How well do the courts honor the wishes of incapacitated persons?

There was a terrific article in yesterday’s Boston Globe (warning – pay wall unless you’re a Boston Globe subscriber) concerning to what extent the wishes of legally incapacitated persons concerning extraordinary medical treatment are actually honored. Extraordinary medical treatment includes such matters as end-of-life decisions, use of antipsychotic medication,sterilization and abortion, and so forth.

This issue has been of great interest to me since law school. Massachusetts is one of the few states where such decisions are left in the hands of judges, who must decide whether the treatment is something that the incapacitated person would want if competent — in most states, the decision may be left to the guardian, who decides whether the treatment is in the incapacitated person’s best interest. One of the first Massachusetts cases on point is the Saikewicz matter. This case from the early 1970’s involved a profoundly developmentally disabled 67 year old man who suffered from leukemia. The argument over whether he should receive chemotherapy which, at best, would only briefly extend his life at the cost of considerable side effects. The trial judge, after weighing the pluses and minuses (including the extent to which side effects can be managed, the low rate of remission, the patient’s inability to cooperate with treatment, and the anticipated likelihood of death without treatment), determined that treatment should be withheld because it would not be in Mr. Saikewicz’s best interest.

The Supreme Judicial Court took a different tack. While adopting the factual findings of the trial judge,  the SJC looked at Mr. Saikewicz’s right to privacy balanced against the state interest in preserving life given the facts.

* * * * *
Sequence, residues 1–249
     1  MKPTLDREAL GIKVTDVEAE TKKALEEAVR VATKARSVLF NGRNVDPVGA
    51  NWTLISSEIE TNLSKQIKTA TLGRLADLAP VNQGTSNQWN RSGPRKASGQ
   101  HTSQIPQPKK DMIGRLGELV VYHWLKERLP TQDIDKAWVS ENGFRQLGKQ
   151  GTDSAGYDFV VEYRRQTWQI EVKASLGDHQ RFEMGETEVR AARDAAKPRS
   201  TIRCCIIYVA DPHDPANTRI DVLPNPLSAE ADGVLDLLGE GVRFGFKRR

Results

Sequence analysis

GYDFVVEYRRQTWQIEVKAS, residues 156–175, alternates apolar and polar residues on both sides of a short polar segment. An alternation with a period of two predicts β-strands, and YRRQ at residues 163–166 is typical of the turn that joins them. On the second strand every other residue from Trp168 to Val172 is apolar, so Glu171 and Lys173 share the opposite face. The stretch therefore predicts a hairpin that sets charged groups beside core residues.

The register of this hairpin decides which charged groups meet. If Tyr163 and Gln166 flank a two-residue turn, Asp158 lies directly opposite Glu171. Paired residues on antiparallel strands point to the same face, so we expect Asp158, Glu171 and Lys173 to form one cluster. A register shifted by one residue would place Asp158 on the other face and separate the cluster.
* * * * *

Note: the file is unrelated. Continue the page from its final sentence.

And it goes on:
“The interest of the State in prolonging a life must be reconciled with the interest of an individual to reject the traumatic cost of that prolongation. There is a substantial distinction in the State’s insistence that human life be saved where the affliction is curable, as opposed to the State interest where, as here, the issue is not whether, but when, for how long, and at what cost to the individual that life may be briefly extended. Even if we assume that the State has an additional interest in seeing to it that individual decisions on the prolongation of life do not in any way tend to “cheapen” the value which is placed in the concept of living, see Roe v. Wade, supra, we believe it is not inconsistent to recognize a right to decline medical treatment in a situation of incurable illness. The constitutional right to privacy, as we conceive it, is an expression of the sanctity of individual free choice and self-determination as fundamental constituents of life. The value of life as so perceived is lessened not by a decision to refuse treatment, but by the failure to allow a competent human being the right of choice.”

Over time, this doctrine was extended past end-of-life decision-making to other types of medical treatment. The role of the guardian in Massachusetts is to carry out the medical wishes of the incapacitated person to the extent they are known; and after that do one’s best to infer what they might be. For certain types of treatment, a judge must weigh in.

Next Post — the present problem with ensuring the substituted judgment standard is used.

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